|Traces the career and influence of the maverick television producer, describing his pioneering and controversial achievements with such programs as The David Susskind Show and East Side/West Side while describing how his private life and scorn for business often compromised his efforts. Reprint. *Author: Battaglio, Stephen *Subtitle: A Televised Life *Publication Date: 2011/12/06 *Number of Pages: 391 *Binding Type: Paperback *Language: English *Depth: 1.25 *Width: 6.25 *Height: 9.25|
|From the Publisher:
David Susskind was the first TV producer to become a TV star. His freewheeling discussion program Open End, later known as The David Susskind Show, brought the turbulent issues of the 1960s and provocative social trends of the 1970s into the nation’s living rooms at a time when television was tame. Susskind grilled everyone from a Mafia hit man to transsexuals to a famously hilarious Mel Brooks. Behind the camera, he was a high-minded, flamboyant New York impresario who took risks and railed against the Hollywood establishment. He battled the TV network practice of blacklisting, brought great actors such as Sir Laurence Olivier to prime time and fought to make gritty shows (East Side/West Side, N.Y.P.D., Death of a Salesman) that accurately reflected the human condition. His feature film output included such groundbreaking works as A Raisin In the Sun and Alice Doesn’t Live Here Anymore. Through it all, Susskind was an enfant terrible with an insatiable appetite for women and a scorn for the business side of his profession that left his career hanging by a thread more than once. David Susskind: A Televised Life is a wild ride through an expansive and glamorous time in the entertainment industry and an incisive look at one of its most colorful and influential players.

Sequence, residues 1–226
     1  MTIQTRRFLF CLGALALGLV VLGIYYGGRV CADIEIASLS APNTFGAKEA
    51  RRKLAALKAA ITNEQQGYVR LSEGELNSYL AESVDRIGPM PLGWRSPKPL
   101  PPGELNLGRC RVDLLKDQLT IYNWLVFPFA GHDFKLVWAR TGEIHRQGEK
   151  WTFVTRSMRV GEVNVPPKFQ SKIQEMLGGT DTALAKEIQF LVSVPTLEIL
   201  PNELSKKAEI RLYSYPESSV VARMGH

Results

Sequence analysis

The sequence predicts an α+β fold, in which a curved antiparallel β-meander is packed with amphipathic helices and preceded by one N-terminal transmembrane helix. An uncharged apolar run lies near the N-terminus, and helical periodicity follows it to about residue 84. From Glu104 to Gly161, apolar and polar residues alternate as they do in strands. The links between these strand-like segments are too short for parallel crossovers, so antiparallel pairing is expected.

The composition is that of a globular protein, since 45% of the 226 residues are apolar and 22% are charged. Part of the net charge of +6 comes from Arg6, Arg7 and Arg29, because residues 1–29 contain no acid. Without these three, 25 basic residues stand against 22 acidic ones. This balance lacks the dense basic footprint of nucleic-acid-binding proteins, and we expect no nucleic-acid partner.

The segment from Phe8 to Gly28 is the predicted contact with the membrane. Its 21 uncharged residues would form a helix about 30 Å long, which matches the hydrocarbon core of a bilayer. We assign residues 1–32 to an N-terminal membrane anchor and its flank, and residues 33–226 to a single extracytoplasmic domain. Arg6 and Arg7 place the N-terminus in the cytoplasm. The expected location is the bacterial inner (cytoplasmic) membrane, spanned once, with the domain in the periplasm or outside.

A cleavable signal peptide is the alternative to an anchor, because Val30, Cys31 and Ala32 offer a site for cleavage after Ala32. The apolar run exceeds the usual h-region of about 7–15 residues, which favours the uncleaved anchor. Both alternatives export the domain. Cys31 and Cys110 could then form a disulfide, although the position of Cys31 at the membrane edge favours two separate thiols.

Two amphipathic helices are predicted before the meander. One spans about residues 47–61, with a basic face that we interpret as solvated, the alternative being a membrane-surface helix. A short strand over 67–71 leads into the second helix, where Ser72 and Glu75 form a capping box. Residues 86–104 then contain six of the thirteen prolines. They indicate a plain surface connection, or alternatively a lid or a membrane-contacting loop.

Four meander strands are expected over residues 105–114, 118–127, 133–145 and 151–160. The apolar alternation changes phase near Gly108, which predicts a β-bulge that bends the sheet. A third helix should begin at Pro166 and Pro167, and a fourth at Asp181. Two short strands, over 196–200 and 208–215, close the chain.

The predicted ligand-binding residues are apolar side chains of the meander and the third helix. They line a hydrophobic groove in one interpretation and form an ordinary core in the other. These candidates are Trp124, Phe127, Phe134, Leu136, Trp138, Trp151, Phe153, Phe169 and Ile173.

"Battaglio...chronicles those industry changes with such detailed attention to individual productions and deals that at times the book reads like a media history with Susskind at its center, rather than a fleshed-out portrait. Yet Susskind comes through, one of television's loudest, most provocative lions."
- Caryn James